Quanta, an apple supplier in Shanghai, is experiencing a flood as a result of the COVID-19 shutdown: a report

Quanta, an apple supplier in Shanghai, is experiencing a flood as a result of the COVID-19 shutdown: ...

Quanta Shanghai Manufacturing City would seem like an ideal location to enact China''s "closed-loop" management system to prevent the spread of COVID that requires employees to live and work on-site in a secure bubble.

The campus, which was spanning over a size of 20 football fields, boasts factories, living quarters for 40,000 employees, some living 12 hours per room, and even a supermarket.

On Thursday, the system fell into chaos as COVID-19 breached Quanta''s defences.

In a video posted online, over a hundred Quanta workers were physically overloading security guards in hazmat suits and vaulting over factory gates to escape being trapped inside the factory, despite false warnings that employees on the floor that day tested positive for COVID.

The uncertainty at Quanta underscores Shanghai''s struggles to get its manufacturing companies back up to speed, with many of them bolstering worldwide supply chains, even as a portion of the city of 25 million remains under China''s "dynamic-zero" COVID policy.

Quanta, based in Taiwan, makes approximately three-quarters of Apple''s global MacBook production, and produces computer circuit boards for Tesla.

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Quanta did not respond to a request for feedback on the videos, which appeared on Chinese social media platforms before being removed down. Apple declined to comment, and Tesla did not respond to a request for comment.

Quanta''s closed-loop was set up to restart operations at the facility on April 18 with about 5% of its workforce, or 2,000 employees, and plans to triple that by April 22. Shanghai''s public schools described the restart as an example of how the country''s largest economic hub was keeping its business open.

Every day, complaints are made.

According to Shanghai government records, cases have been reported daily at an address belonging to the campus from March 26 to May 4. Quanta has not disclosed the number of cases among its employees.

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Calls seeking assistance to address positive cases which were not being isolated at Quanta began appearing on Weibo on April 6, five days after Shanghai began a city lockdown.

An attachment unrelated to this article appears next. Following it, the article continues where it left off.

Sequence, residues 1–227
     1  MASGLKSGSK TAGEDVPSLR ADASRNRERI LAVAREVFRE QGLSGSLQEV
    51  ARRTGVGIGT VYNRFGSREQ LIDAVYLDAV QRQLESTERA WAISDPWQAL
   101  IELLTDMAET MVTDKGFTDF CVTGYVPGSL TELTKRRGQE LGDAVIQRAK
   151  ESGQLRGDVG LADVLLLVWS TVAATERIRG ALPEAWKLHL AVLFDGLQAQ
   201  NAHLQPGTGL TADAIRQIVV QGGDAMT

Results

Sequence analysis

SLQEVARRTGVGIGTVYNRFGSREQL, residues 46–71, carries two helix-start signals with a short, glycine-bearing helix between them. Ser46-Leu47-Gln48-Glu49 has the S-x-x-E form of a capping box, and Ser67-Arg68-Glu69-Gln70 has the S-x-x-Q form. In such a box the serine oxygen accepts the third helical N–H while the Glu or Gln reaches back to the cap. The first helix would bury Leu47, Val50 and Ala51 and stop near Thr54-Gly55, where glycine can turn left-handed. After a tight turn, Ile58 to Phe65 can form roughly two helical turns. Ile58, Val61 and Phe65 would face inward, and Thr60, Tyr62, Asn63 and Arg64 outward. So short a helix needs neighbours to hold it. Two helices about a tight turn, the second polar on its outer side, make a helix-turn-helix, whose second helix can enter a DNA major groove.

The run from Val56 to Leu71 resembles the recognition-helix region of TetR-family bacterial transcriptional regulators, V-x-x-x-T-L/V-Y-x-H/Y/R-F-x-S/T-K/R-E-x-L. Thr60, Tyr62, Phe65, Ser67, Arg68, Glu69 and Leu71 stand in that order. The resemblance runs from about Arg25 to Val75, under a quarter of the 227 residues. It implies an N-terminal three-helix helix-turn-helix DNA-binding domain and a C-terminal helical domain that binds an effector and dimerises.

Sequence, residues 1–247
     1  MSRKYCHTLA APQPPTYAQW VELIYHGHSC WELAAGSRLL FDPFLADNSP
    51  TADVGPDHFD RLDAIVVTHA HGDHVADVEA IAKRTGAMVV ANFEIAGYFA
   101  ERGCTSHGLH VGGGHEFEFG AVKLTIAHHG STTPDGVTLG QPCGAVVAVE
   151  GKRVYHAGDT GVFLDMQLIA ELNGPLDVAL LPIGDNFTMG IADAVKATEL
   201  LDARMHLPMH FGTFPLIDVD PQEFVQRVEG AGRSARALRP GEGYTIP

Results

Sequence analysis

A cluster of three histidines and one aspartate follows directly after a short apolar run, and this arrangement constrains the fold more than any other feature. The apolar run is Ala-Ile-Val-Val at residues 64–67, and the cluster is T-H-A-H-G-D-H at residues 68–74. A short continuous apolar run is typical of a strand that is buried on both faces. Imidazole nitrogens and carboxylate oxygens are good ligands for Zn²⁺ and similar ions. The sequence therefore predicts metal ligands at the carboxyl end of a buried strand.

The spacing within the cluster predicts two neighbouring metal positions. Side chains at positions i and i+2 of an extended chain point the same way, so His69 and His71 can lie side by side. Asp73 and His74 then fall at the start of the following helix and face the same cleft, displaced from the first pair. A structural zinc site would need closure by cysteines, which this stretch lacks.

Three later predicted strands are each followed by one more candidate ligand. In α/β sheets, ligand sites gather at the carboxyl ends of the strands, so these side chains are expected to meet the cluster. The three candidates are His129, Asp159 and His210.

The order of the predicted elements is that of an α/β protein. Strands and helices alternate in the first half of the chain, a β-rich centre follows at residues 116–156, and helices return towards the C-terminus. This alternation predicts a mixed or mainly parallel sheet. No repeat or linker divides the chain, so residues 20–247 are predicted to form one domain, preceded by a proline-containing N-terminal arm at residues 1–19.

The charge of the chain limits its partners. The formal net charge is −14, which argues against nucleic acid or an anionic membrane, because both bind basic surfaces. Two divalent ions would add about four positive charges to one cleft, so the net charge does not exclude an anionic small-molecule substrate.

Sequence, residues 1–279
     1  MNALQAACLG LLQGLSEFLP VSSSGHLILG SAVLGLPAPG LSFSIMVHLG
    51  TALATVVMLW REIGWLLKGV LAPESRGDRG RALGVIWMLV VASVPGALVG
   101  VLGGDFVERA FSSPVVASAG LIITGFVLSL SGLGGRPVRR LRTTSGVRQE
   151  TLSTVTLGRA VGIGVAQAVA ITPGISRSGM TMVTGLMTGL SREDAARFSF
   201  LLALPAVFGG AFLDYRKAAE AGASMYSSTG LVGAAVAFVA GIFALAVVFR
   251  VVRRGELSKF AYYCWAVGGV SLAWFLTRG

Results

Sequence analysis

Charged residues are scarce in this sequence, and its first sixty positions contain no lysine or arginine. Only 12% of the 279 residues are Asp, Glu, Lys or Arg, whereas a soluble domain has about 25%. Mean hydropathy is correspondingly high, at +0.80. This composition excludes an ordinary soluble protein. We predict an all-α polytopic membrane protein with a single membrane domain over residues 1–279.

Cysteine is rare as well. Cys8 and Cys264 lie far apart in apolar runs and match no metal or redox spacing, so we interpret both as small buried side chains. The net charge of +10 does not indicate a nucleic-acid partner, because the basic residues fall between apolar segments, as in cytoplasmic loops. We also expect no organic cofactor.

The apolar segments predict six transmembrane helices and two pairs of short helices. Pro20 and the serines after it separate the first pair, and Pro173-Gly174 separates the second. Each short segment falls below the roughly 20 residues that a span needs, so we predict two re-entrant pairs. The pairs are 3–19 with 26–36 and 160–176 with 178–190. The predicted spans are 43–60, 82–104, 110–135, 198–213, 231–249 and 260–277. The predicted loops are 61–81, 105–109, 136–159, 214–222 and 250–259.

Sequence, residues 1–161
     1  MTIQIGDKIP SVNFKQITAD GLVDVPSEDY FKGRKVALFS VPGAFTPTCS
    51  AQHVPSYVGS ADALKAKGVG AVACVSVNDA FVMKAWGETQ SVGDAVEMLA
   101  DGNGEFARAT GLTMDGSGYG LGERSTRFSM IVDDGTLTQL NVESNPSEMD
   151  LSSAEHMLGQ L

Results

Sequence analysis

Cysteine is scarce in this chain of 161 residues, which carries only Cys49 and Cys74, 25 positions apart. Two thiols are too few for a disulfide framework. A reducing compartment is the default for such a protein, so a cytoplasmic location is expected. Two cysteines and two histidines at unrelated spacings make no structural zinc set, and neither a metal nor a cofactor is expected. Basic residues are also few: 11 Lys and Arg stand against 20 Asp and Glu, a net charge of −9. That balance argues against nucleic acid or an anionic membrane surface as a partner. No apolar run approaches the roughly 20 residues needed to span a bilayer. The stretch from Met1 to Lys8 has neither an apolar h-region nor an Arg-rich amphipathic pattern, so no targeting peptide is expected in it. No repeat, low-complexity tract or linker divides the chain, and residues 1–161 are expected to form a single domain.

Thousands of people waited for buses to be taken to quarantine facilities throughout the month. Employers began posting photos and accounts on Douyin, the Chinese equivalent of TikTok, which showed dozens of people queueing for buses to be delivered to central quarantine facilities.

A couple watched a picture of themselves sitting at Shanghai''s National Exhibition and Convention Center, one of the city''s largest quarantine centers, as well as at a facility designed to house Quanta workers.

Reuters was not able to independently verify the footage, but two employees and a person with direct knowledge of the campus''s operations stated that there were multiple infections there.

"Each dormitory reported a few positive cases a day, and eventually everyone became positive," said one of the two workers, who gave his surname as Li, adding that there were eight cases in his room, including him.

Employees said cases were often not isolated for days after testing positive, and the person with direct knowledge of the campus''s operations said there were inadequate isolation areas, which resulted in persistent infections.

Employees claim that the disruption on Thursday night was caused by that, claiming that positive instances had been discovered among those who worked in the buildings.

Workers were spooked by an order directing them not to return to their dormitories, posing concerns that they may be locked down inside the property.

While the video of the fray were demolished this weekend, discussions on Weibo and Douyin continued, with one user simply saying, "What a mess."

2022 Thomson Reuters